Otto von Bismarck

    Reputedly said*:

    "The less the people know about how sausages and laws are made, the better they will sleep at night."

    *(I found that I had written his down on a scrap of paper and attributed it to O v B. No idea where or when I heard it.)

    1. Irony Deficient

      Re: Otto von Bismarck

      According to Fred Shapiro in The New York Times Magazine, it started to be attributed to Bismarck in the 1930s, but the earliest known laws-and-sausages aphorism was by the US poet John Godfrey Saxe in 1869:

      Laws, like sausages, cease to inspire respect in proportion as we know how they are made.

  14. Nifty

    I used to lunch at the works canteen of a Bavarian company. I asked co-workers why draught beer was available alongside the other beverages. The explanation was that beer was officially classed as a food in Bavaria and it was compulsory for it to be available at company canteens.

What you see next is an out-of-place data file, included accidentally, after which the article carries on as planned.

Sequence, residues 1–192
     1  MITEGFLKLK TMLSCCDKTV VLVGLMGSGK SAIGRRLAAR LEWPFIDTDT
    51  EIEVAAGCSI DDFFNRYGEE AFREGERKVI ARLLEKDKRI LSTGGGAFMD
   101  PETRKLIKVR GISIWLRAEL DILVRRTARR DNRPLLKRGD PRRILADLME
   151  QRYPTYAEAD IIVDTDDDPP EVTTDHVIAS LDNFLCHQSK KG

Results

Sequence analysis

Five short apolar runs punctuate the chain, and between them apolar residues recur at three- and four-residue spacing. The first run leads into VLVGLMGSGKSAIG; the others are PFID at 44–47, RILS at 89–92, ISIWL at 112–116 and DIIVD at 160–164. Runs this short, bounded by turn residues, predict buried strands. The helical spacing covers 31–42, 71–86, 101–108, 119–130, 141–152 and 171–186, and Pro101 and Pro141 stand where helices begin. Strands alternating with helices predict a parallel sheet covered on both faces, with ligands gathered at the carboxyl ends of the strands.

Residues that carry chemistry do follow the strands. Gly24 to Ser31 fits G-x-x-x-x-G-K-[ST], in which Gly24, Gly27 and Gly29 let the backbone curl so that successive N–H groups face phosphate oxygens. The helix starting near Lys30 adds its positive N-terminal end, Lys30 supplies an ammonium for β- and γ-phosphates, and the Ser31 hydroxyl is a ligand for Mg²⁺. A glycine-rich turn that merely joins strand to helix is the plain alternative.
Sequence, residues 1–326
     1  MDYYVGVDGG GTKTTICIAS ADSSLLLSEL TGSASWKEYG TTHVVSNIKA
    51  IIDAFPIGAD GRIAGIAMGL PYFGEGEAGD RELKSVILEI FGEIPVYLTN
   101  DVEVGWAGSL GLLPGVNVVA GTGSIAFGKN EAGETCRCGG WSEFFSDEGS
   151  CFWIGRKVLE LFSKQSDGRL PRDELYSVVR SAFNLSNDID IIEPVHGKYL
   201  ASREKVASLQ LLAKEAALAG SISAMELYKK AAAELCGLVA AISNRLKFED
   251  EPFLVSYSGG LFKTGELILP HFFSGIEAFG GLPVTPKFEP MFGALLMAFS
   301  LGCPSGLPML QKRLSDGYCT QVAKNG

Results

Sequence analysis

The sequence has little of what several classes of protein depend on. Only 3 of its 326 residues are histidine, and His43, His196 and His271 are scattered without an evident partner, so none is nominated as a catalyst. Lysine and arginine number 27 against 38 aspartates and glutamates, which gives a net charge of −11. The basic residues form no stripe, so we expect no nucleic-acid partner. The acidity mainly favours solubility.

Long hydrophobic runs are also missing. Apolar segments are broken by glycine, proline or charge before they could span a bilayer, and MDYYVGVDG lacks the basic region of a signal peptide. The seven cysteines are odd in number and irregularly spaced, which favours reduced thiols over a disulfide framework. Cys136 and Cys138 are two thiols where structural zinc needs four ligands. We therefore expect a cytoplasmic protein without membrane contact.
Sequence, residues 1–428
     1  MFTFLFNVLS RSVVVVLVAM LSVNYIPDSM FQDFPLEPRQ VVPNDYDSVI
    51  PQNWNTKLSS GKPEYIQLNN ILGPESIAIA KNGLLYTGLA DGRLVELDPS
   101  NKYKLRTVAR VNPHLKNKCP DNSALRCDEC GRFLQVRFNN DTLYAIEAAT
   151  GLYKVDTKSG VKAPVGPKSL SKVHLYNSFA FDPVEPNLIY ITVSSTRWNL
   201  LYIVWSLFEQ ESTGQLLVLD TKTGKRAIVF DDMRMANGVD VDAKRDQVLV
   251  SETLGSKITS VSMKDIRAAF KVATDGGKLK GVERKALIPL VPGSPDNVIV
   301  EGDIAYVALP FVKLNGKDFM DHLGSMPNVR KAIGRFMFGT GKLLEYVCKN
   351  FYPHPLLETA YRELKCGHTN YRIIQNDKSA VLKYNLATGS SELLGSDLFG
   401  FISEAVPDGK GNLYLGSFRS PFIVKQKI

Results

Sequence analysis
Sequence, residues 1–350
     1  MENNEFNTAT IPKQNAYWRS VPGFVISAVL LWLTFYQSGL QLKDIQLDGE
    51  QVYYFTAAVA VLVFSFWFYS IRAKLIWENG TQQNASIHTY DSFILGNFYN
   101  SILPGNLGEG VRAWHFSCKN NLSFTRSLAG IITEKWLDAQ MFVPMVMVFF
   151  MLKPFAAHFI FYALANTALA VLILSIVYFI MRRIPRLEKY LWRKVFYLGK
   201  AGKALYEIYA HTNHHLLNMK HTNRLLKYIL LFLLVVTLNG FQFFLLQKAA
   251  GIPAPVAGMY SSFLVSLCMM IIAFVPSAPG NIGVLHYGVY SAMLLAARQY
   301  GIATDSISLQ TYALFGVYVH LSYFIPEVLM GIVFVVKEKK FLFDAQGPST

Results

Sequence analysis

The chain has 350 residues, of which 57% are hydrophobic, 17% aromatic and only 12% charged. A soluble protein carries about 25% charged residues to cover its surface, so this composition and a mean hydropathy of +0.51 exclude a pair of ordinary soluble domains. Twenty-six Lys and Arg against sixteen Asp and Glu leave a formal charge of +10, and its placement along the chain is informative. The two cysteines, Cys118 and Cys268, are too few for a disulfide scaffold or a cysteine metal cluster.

Why is that I suspect Bavarian works canteens no longer serve beer?

    1. Fruit and Nutcase Silver badge

      Bad Sausage

      Bavarian Wurst Works

  15. skeptical i
    Pint

    VW = Veggie Weenies?

    Veggie Wurst in German?

    And a cold one to accompany, required side dish.

    1. Anonymous Coward
      Anonymous Coward

      Re: VW = Veggie Weenies?

      Veggie ‘wursts’ are naturally server with non-alcoholic ‘beer’.

      Surprisingly tame comments I read here on El Reg on the topic. Resist brothers and sisters, never give up your juicy animal fat laden wursts! Fuck ‘em eco-fascists!

  16. Winkypop Silver badge
    Happy

    Just off to the local VW dealership with that part number

    I suppose they will need to be ordered in.

    1. Clunking Fist

      Re: Just off to the local VW dealership with that part number

      Of course, Hors d'oeuvre which must be obeyed!

    2. Clunking Fist

      Re: Just off to the local VW dealership with that part number

      I say, may I order some of your cracking wursts?

      Nein.

      Golly, I can't eat that many on my own.

  17. Fruit and Nutcase Silver badge

    WWW

    Wolfing down Wursts in Wolfsburg

  18. Boufin

    Mention of LinkedIn and sausages in the same sentence? Was waiting tor the punchline.

  19. Boufin